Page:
Thank you for the reminder, Billy Cundiff…I needed it.

January 24, 2012 | Drew Forrester


At the risk of getting overly dramatic about Sunday’s loss in New England and the impact that defeat by the Ravens had on the Baltimore community, I’m going to glide slowly over to another topic that has me much more interested than arguing about whether or not Lee Evans really did catch that ball (he did not) or if the Ravens would have won in overtime had only Billy Cundiff connected on that 32-yarder (I have no idea).

I’m writing about a subject that probably won’t be looked upon with much favor.  Hopefully you’ll read it twice if that’s what it takes to understand my position.

What happened to Billy Cundiff on Sunday in New England and the way he handled himself in the locker room afterwards and again on Monday at the team’s facility in Owings Mills reminded me of something very important.  I’m sorry it took such a shocking set of circumstances to once again reinforce this to me, but that’s how the ball bounces — or hooks left, in this case.

Kickers are among my favorite people in all of sports.

They join the likes of hockey and soccer goaltenders, pitchers, and coaches in the short list of folks I deeply admire in the world of athletics.

I’ve said it a lot in my nearly 10 years on the air at WNST.  Coaches are my favorite “people” in all of sports.

But kickers aren’t far behind.

And Billy Cundiff gave me yet another reason to brag about kickers by virtue of the way he dealt with his misfortune.

He handled it all with grace and dignity and never once questioned fate, the weather, the field, the snap, the hold, the lights, the pre-game meal, his socks being too tight or the ball not being inflated with the right pressure.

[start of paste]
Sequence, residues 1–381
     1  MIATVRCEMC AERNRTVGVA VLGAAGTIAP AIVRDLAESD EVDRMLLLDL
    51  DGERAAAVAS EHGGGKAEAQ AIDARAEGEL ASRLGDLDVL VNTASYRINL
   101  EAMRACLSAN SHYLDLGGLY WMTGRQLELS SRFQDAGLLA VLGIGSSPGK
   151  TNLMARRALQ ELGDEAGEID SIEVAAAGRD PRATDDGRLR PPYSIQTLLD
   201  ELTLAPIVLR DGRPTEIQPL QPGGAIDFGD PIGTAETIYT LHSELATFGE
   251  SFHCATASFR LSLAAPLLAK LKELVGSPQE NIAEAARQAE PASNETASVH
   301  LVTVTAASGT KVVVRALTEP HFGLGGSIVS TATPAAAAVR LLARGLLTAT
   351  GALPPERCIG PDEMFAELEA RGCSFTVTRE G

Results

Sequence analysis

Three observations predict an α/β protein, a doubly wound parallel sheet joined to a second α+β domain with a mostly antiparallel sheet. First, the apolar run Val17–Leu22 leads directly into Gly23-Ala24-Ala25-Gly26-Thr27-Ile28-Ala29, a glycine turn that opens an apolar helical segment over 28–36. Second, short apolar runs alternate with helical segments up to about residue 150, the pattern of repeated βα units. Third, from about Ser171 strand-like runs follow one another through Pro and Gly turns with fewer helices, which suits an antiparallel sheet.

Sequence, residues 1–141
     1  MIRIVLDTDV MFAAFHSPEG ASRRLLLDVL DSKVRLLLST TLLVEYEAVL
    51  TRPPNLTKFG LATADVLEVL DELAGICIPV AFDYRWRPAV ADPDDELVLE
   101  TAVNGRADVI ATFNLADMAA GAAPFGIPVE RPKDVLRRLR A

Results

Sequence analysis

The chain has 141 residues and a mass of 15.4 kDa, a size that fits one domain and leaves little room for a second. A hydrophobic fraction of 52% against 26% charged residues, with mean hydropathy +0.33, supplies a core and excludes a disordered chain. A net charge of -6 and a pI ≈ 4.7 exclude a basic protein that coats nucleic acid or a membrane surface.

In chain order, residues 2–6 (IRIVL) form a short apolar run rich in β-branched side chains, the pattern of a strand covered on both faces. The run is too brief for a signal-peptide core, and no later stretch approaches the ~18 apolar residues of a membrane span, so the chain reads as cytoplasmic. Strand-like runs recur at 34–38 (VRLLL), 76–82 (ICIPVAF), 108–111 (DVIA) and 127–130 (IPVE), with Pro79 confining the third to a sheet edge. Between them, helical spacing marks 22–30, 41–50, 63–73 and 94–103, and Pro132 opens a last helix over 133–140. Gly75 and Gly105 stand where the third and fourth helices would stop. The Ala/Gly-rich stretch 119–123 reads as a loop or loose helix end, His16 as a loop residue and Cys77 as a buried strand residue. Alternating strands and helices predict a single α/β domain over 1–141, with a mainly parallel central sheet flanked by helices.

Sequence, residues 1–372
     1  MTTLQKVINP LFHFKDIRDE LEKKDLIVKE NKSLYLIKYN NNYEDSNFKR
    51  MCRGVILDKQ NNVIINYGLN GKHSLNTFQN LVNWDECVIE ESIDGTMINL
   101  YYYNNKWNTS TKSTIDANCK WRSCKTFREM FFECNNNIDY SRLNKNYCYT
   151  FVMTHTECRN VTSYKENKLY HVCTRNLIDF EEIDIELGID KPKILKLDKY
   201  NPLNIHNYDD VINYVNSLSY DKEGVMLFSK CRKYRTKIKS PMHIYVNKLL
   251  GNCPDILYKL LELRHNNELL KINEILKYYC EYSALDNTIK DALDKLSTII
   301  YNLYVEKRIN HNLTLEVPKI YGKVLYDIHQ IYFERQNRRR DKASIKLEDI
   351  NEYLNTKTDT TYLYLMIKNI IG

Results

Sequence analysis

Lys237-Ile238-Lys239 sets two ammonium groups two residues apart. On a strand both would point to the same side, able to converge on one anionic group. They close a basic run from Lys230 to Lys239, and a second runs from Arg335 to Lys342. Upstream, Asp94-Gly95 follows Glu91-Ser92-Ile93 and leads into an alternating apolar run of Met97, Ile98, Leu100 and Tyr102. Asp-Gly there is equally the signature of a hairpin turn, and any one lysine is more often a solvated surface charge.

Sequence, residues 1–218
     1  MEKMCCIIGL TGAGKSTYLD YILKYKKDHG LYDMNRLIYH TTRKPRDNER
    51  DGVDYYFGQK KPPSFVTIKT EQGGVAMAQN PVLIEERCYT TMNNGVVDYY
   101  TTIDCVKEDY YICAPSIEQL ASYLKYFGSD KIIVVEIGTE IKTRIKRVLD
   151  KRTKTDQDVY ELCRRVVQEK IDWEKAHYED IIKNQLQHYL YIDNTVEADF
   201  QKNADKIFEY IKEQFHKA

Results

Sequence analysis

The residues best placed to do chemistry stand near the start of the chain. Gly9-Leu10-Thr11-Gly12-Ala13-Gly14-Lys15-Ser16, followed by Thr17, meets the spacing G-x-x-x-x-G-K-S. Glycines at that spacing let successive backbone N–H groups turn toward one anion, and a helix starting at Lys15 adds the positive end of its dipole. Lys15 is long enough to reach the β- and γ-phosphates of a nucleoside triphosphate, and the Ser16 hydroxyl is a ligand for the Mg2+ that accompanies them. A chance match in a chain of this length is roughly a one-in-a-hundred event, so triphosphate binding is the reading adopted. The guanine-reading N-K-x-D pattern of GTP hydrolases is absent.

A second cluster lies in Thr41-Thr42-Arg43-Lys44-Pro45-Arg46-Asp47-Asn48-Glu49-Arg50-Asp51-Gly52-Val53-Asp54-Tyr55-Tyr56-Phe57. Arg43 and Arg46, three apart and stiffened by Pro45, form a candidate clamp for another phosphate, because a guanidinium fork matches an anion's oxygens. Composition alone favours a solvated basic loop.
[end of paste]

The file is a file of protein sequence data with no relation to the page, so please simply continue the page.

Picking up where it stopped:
Cundiff simply told the truth — “I’ve made that kick a thousand times.  I just didn’t make this one.”

And then he delved into the reality of the situation, touching on the critical nature of his response by reminding anyone who has children of what the most important aspect of his post-game reaction would be.

“I need to make sure my children learn from this,” Cundiff said afterwards.  “They look to me to teach them things.  I’ll use this as a teaching moment for them.  You have to bounce back from adversity.  There’s no sense in letting it bring you down, because you can’t change what happened.  I just have to make sure they know what’s really important is to get back out there, work harder, and make sure the next time an opportunity comes along like that, I give it my best and make the kick.”

Kickers, goaltenders, pitchers.

I love those freakin’ guys.

I love them because they have “a record”.  They each have statistics to back up how well or how poorly they’ve performed.  How many kicks have you made?  How many goals have you allowed?  How many earned runs have you surrendered?

You never see a stat saying, “The left tackle for the Falcons had 5 whiffs last week in the game against the Saints, giving him 21 whiffs on the year, tied for 2nd in the league.”

You don’t see a note in the press release that reads, “The defenseman for the Blues has coughed up the puck 3 times in his own end tonight, giving him a team high 32 “coughies” this season.